May 23, 2006

Network Neutrality - There Are Other Shoes To Drop

It seems likely that through action or inaction our legal framework is going to permit telcos who provide IP packet carriage to impose differential prices.  That's sad, because it is likely that these price differences will be imposed not to cover actual cost differences in providing different classes of service but, rather, to hobble products that compete with those offered by the carrier.

Right now we seem focused on non-equal package carriage on the part of carriers, ISPs.  We've not noticed that there are others out there who are equally able to take their pound of flesh out of the internet.

For example, let's look at our old friend, Verisign, and .com.

Verisign makes no secret of the fact that it is a for-profit company.  And were I part of Verisign I'd be thinking to myself, "how can we make more money out of .com?"

One way would be to drive users to pay for "enhanced" name resolution services.

Here's how I would do it - and as far as I know there is nothing in Verisign's contract with ICANN to prevent this:

I'd begin by limiting my build-out of "public" (i.e. "free") resolution system of .com servers so that the typical free name query/response cycle is on the order of 100 to 200 milliseconds.  That may not sound like a long time but when we start to add up the name resolution cycles that most people generate we will quickly notice that this will make the internet appear sluggish to many users.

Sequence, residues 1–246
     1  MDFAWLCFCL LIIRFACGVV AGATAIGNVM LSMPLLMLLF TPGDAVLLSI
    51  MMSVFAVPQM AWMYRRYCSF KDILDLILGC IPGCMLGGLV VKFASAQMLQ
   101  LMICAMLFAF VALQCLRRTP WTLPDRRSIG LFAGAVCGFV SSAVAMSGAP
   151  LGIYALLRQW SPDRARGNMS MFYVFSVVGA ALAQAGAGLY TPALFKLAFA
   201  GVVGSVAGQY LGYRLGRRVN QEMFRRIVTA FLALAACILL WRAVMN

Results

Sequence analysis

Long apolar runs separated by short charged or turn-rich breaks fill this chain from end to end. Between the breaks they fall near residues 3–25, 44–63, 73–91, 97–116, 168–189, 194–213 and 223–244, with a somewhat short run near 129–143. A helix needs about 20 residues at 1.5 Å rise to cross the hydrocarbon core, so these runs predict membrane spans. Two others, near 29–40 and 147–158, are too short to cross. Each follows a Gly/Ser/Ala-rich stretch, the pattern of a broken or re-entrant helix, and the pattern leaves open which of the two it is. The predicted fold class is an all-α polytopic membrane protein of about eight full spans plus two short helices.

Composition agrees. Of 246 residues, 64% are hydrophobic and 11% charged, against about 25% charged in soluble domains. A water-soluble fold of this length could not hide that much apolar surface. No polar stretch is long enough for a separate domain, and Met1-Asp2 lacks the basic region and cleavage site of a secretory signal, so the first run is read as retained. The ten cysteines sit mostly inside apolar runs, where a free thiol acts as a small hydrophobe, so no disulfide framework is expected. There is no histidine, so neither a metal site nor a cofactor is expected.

At the same time I would build out a "preferred customer" system of servers that would answer queries much more quickly.  Access to these would, of course, require a subscription fee.

It would, of course, require considerable finesse to establish this dual-class regime without causing too much of a shriek from the bulk of internet users.  But if Verisign is anything, it has demonstrated that it can consistently negotiate the pants off of both NTIA and ICANN.  And Verisign need not allow the "free" service level to erode in one obvious jump; it could simply be a slow fade as demand increases without a commensurate build-out of free servers.

And from a technical point of view there might need to be a bit of creative work to separate the first class queries from steerage, but I have full confidence that this hurdle could be overcome.

Posted by karl at May 23, 2006 2:24 AM